Two thirds of a rolling chassis

Over the last few weeks, I was able to get the front axle all back together. Unfortunately for the blog, it took an awful lot of time for almost nothing to appear to have changed. With the extended Thanksgiving weekend, I had two days that I could spend working on the Jeep. On Friday, I finished the front axle and hub assembly, from new-to-me lockout hubs, to brand new brake lines and brake hardware, and a nice coat of black paint on the whole thing. I have to say, I’m pretty happy with how it turned out.

Now, there was one bummer to the whole thing that I discovered far too late. When I first started taking apart the front axle, I noticed that the pinion seal had a bit of a leak. By a bit of a leak, I mean it was leaking like there was a giant hole in there. The plan was that after I finished taking the axle apart and the thing was drained, cleaned, and painted, I’d take it down to the driveline place to get the seal replaced since I don’t have a socket that will fit the width of the nut and the narrow yolk. Now that I have the axle completely put back together, and even filled the differential with oil on Friday, that pesky pinion seal made itself known again by leaking all over my workbench. What I’ll end up doing is draining the differential next weekend, and then once the chassis is rolling, I’ll take the whole thing down to the driveline place I think.

Aside from finding out that my front axle is marking its territory all over the workbench, I spent nearly 6 hours today putting the rear axle on the frame. I ran into a variety of problems and issues, that will hopefully not be a problem for the front axle. A while back I had purchased a suspension rebuild kit that included all the new suspension parts that I needed from new leaf springs, shocks, shackles, pivot joints, bushings, etc. One issue with the leaf springs is that the end that is designed for the shackles had a bushing that needed to be pressed out before it could be used. After spending a few hours figuring out the best way to accomplish that, I got all the extra bushings removed, and after a few more hours, got the rear axle fully set and installed.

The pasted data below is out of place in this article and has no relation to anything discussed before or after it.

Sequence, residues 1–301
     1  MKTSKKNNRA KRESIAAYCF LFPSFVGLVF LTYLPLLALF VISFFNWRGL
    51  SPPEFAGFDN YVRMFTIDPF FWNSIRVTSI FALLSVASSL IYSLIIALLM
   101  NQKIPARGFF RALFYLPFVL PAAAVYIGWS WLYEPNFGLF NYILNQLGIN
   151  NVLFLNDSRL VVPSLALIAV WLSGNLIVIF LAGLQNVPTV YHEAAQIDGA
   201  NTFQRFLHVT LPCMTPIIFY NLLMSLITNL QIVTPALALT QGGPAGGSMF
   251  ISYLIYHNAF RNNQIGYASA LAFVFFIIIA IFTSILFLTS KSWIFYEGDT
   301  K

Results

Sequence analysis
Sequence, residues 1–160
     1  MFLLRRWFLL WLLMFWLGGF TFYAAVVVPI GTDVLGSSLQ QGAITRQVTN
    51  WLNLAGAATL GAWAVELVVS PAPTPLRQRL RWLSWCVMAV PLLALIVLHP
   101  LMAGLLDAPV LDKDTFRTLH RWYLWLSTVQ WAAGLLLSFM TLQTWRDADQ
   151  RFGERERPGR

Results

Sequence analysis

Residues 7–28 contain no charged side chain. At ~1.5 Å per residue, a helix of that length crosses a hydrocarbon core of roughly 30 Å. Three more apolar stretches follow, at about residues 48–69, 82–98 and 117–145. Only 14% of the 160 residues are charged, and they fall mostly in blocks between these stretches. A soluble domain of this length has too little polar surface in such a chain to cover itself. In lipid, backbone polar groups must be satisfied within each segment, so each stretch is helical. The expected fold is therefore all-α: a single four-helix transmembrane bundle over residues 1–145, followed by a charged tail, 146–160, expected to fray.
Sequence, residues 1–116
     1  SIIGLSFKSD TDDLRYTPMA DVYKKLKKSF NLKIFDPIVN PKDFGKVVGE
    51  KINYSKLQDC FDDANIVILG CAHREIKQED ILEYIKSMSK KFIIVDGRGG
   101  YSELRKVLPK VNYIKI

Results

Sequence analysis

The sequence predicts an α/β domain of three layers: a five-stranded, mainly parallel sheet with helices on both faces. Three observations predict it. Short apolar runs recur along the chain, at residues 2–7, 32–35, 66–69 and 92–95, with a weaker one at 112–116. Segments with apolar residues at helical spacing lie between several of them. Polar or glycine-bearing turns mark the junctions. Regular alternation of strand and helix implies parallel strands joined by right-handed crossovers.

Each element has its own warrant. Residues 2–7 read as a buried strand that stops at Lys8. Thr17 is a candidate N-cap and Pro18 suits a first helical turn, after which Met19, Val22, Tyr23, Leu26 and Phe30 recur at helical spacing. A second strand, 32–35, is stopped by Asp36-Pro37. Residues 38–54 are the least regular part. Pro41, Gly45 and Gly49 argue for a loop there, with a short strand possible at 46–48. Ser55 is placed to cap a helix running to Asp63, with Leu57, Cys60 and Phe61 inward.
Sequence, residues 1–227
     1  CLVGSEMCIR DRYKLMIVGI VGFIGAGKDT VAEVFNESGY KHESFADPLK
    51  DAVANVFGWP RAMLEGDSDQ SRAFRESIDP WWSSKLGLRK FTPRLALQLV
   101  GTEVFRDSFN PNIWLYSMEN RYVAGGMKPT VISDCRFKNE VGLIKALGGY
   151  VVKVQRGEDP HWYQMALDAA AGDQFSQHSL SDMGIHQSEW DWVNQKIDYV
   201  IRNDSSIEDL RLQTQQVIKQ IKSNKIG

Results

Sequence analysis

With that, I’ve got two thirds of a rolling chassis!

Over the next two weeks, I should have the front axle mounted and then it’s just a few small things that need to be adjusted. For instance, I don’t have the appropriate washers to hold on the shocks behind a cotter pin, because the washers are special and I didn’t think to keep the old ones around. Hopefully I’ll have a rolling chassis when I hit the 2-year mark on this restoration.

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